Horses have incredible hearing, with the ability to hear the heartbeat of a human from four feet away. In the wild, horses will synchronize their heartbeats to the other horses in the herd in order to sense danger more quickly. Studies have shown that domesticated horses will also use this tactic when interacting with humans, synchronizing to our heartbeats, thus sensing slight adjustments in our mood.
HAPI Trails has used a similar technique when working with troubled horses, consciously calming our heartbeat in an effort to help calm a new horse entering our program. We’ve also used a synchronizing method during many of our equine-assisted therapeutic sessions, with the goal of helping a person become more mindful of their own heartbeat and their surroundings.
As we emerge from an unusual 2020, we can thankfully say the heartbeat of our organization is still beating strong and calm, even with the range of panicked to quiet heartbeats we experienced in 2020. It was because of our community, our volunteers and the ever-present support of the Community Foundation of Teton Valley. The Community Foundation of Teton Valley was able to adjust how they interacted with our community, in all aspects, and never miss a beat. Their heart kept pumping the life blood into our local nonprofits.
HAPI Trails was able to pick up on their heartbeat, always feeling a calm, fluid and steady we-will-get-through-this-together rhythm. Having that immeasurable support, we adjusted how we interacted with our volunteers, how we fundraised and how we reached out to our community, keeping safety and respect front and center. We kept our heartbeat focused on our mission… Helping horses in need and assisting horse owners as best we could. Our goal was to help owners keep their horses and community members met that goal by offering extra hay to those that were low and providing extra pastures to those who pastures were no longer producing.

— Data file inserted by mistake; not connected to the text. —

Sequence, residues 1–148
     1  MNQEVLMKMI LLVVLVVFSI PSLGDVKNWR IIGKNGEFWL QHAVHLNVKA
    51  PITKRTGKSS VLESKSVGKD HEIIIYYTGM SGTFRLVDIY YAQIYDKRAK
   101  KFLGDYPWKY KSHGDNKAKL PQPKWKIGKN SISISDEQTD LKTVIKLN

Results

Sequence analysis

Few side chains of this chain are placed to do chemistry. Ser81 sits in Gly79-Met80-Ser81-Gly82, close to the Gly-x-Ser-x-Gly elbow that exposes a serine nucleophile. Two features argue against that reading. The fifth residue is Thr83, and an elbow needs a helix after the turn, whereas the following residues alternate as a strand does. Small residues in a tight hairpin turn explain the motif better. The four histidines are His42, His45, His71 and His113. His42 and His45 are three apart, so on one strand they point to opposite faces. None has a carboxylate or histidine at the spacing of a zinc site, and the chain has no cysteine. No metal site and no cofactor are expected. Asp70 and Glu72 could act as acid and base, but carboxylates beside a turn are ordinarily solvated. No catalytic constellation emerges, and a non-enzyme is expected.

The beat could have changed drastically without the opportunities to hold in-person fundraisers and share our horses with our supporters. We had to rely on old-school mailings and on-line communication to get the word out and request the funds we needed to keep going. The Tin Cup Challenge was truly challenged in not having the day of events to showcase the nonprofits. Just like all those that donated to our cause, the Community Foundation also proved they could go above and beyond, raising a record amount for our local nonprofits. HAPI Trails exceeded our previous years Tin Cup fundraising and ended the year by exceeding 2019’s funding., We met our barn’s capital campaign goal and received grants from eight different foundations. We became certified in Code 3 Animal Disaster Response (offered by PAWS), provided ‘Wednesday Night Rides’ and hosted 4 educational clinics for our equine community, offered our 4H Horses for the Horseless and we oriented 15 new volunteers. Maybe best of all for 2020… we rescued 6 new horses and found new homes for 10 of the horses in our program!
Our supporters continued giving and our organization continued growing… because of this incredible community, our (heart)beat goes on. Thank You!